For prior DJ favorites lists, click here. This time around, we've got posts from Paul Haney, William Berger, Jesse Jarnow and Chris T... First up are Paul Haney's favorites...
As with all musical fanatics, I listen to a breadth of music that spans numerous decades, and since in recent years I've been especially moved by albums that were released well before my birth, or even albums I may have missed from a few years prior, I've tended to lose a certain perception of time, which can make for difficulty when compiling such year-end lists. And as all these disclaimers tend to go, I apologize in advance for the absence of any albums from 2011 that I have yet to hear that I'm sure I would've made this list (i.e. Graham Lambkin's Amateur Doubles, the Eleven Twenty-Nine album on Northern Spy, etc.). Anyway, as it goes this list has no particular running order, nor is it even a definitive ranking of the albums bestowed upon us this past year that truly moved me. Simply, these are records that made a great impression on me and stood out with an unsullied immediacy. Onward we go...
Spacek mainstays John Wiese and Corydon Ronnau recruit the inimitable Lasse Marhaug of Jazkamer, plus Will Stangeland of Silver Daggers, for 11 minutes of completely chaotic, aggressively grinding noise-punk insanity (barely released as an obscure tape in 2010, but lovingly re-issued on both vinyl and CD this year by Gilgongo Records). A blink-and-you'll-miss-it classic.
2. Viodre - Interpol Alchemi (Hospital Productions)
Dominick Fernow wasn't lying when he deemed this release on his Hospital Productions imprint as "one of the top ten noise albums of all time." Recorded in the mid-00's by this quasi-defunct NY noise collective, this lost masterpiece is one of the most masterfully composed, sonically diverse (cut-ups to percussive-punk to drone to even IDM), and beautifully realized noise albums made in eons. Essential.
3. Hive Mind - Elemental Disgrace (Spectrum Spools)
The Editions Mego sub-label forgoes their usual modus operandi of 70's synth worship for an expectedly skillful long-player of grim, squalid noise from Greh Holger. On Disgrace, Holger further refines his Midwest-birthed modulations of patiently building, engagingly ominous drone, establishing unequivocally his mastery as one of the most unique voices in the landscape of synth performance.
4. Grasshopper - Goodnight Sweet Prince (Baked Tapes)
I've known Grasshopper for a quite a while and have watched as they've refined and perfected their singular place in the 00's drone underground, using their backgrounds as college-trained trumpet welders to create a beautifully expansive and powerful wall of sound that recalls Miles Davis' steps into fusion in the 60's as much as it does Double Leopards. All of their hard work and prodigious talent is evident in spades on Prince.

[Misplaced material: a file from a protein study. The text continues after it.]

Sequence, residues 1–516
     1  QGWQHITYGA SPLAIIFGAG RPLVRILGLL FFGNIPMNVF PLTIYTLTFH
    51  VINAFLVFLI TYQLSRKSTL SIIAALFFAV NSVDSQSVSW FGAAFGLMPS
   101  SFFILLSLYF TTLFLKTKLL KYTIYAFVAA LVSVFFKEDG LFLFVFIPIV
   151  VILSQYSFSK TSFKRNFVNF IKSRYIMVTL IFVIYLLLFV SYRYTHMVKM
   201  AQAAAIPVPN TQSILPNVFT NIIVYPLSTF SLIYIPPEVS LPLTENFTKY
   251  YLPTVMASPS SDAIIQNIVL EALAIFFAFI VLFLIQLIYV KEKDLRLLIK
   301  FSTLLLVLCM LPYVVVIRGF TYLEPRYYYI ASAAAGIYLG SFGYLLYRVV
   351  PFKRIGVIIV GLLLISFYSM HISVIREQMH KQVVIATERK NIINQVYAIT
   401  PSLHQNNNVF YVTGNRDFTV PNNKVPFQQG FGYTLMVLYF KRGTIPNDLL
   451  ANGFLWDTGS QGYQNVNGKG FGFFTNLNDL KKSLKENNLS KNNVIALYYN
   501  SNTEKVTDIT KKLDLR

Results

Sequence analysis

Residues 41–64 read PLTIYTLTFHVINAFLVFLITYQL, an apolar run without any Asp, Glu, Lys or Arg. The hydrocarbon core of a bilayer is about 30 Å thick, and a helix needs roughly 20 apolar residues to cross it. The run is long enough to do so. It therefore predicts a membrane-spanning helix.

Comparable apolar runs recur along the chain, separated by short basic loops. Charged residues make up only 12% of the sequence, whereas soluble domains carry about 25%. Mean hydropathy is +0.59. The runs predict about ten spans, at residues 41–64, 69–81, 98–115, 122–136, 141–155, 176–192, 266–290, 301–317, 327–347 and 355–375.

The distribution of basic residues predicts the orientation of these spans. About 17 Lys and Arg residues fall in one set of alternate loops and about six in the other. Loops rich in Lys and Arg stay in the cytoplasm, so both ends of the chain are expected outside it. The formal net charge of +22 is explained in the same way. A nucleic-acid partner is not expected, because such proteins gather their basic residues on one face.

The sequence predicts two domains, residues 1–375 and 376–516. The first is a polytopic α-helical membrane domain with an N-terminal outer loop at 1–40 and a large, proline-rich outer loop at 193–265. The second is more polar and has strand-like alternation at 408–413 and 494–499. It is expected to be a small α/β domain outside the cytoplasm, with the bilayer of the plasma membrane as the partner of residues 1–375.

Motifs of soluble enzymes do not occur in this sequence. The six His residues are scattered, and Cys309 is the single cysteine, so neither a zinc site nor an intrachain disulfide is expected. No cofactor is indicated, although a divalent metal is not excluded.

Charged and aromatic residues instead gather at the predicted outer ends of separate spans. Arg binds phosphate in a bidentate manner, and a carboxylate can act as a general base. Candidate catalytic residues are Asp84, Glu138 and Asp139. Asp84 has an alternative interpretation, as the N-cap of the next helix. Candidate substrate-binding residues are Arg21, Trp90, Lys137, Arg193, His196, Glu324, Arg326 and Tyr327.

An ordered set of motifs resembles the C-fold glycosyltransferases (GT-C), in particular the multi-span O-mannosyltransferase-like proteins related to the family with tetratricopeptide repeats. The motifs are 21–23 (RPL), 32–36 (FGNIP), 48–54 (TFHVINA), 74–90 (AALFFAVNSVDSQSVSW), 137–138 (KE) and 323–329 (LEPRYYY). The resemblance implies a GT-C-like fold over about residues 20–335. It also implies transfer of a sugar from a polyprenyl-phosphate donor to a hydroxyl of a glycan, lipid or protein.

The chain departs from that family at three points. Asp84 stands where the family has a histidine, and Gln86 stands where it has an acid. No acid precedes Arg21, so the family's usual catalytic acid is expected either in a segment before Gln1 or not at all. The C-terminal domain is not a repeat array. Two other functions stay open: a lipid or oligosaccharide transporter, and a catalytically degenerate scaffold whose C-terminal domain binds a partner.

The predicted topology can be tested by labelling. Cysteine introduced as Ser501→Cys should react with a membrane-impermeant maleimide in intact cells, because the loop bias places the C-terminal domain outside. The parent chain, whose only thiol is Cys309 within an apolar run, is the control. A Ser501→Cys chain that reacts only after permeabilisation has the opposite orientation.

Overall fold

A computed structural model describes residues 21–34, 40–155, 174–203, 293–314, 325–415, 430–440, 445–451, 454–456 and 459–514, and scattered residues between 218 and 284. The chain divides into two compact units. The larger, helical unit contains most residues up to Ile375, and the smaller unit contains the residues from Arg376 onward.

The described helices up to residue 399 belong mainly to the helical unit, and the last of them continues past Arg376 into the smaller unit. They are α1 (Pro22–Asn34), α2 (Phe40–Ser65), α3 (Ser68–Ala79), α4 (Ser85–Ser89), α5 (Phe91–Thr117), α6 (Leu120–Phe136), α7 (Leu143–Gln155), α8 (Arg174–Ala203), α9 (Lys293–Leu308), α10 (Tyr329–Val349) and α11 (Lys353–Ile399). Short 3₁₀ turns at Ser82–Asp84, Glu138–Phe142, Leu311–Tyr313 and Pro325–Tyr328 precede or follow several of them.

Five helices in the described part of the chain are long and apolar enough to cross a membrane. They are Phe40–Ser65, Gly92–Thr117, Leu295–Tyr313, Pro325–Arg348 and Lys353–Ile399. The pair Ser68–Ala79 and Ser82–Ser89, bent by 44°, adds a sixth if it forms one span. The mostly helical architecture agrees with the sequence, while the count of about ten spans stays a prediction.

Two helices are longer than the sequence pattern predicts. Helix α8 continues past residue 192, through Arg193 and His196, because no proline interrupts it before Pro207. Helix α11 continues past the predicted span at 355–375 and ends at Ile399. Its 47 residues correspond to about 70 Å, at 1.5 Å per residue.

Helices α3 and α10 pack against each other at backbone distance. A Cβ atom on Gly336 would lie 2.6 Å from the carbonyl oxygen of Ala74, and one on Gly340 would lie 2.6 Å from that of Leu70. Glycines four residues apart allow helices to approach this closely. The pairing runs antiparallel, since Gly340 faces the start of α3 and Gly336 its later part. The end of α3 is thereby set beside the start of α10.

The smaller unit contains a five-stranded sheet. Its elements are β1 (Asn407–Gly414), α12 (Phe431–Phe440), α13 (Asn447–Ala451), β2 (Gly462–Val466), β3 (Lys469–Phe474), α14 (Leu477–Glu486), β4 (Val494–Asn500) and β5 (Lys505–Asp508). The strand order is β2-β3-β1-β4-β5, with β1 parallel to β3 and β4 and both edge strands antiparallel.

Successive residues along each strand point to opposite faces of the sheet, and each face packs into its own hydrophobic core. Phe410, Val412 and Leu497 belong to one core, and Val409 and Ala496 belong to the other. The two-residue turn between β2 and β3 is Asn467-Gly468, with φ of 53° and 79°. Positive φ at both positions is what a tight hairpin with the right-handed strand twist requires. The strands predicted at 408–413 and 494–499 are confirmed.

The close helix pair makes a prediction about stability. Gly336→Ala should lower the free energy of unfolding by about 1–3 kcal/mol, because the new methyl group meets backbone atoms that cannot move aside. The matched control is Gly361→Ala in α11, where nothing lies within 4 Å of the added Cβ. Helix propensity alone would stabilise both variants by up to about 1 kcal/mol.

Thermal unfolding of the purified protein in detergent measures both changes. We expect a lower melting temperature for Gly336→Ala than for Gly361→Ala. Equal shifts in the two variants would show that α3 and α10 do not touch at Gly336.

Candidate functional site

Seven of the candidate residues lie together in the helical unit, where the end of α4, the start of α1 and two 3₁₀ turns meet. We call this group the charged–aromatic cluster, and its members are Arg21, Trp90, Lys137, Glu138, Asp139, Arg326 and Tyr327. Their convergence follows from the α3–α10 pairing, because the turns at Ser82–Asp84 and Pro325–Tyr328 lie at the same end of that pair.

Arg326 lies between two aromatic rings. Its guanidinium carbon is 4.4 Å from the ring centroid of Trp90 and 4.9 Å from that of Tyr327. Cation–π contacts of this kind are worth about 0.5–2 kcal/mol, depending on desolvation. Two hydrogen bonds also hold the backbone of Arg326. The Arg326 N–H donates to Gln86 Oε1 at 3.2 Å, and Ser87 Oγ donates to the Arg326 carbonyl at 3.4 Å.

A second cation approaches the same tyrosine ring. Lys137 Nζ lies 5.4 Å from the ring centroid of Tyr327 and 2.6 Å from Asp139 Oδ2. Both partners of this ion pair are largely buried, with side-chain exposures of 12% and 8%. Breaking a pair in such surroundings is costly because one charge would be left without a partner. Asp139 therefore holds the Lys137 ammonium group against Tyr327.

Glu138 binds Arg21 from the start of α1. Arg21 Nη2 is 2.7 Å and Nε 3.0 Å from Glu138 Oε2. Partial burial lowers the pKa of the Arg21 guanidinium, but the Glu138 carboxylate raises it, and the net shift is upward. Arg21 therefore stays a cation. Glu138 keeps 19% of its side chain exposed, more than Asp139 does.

5. Telecult Powers - Zion Traveler (Baked Tapes)
Like Grasshopper, I've known the mysterious men who make up the duo Telecult Powers for quite a while, and although I count them as friends (as with Grasshopper), I can state without bias that their composed and studious homemade-synth derived journeys into unknowable darkness on their long-awaited vinyl debut Zion Traveler are some of the most intriguing and assured avant-sonics seeing creation these days.
6. Alberich - Psychology Of Love (Hospital Productions)
With the revived interest in 80's industrial often disappointingly focusing on the genre's mid-decade synth-pop cop-outs, Kris Lapke's solo project Alberich comes as a breathe of fresh air, with his LP Psychology Of Love expertly melding both bludgeoning rhythmic fury and mechanized distortion symphonics that recall the best of early SPK and Le Syndicat, but with a pronounced voice of his own creation.
7. Metalux - Paw The Elated Ruin (self-released)
M.V. Carbon - Dislodged Perihelion (Ecstatic Peace!)
As both half of Metalux (with Jenny Graf) and on the solo front, M.V. Carbon has been producing some of the most distinctive and genre-elusive experimental sound work in recent years. Carbon and Graf continue to enhance their disjointed and heady post-no-wave singularity on Ruin while Carbon takes a more minimal, intimate approach to this aesthetic on her excellent solo LP for Ecstatic Peace!.
8. Burmese - Lun Yurn (ugEXPLODE)
Expanding to a quintet with underground renaissance man Weasel Walter sitting in on skins, this dual-bass/dual-drums incarnation of Burmese finds the noise-rock mainstays moving into a more sinisterly complex and devastatingly evil concoction of bottom-heavy extreme metal, further disturbed by "singer" Tissue's maniacal tantrums. They can only go deeper into unsettling perfection from here.
9. White Suns - Waking In The Reservoir (ugEXPLODE)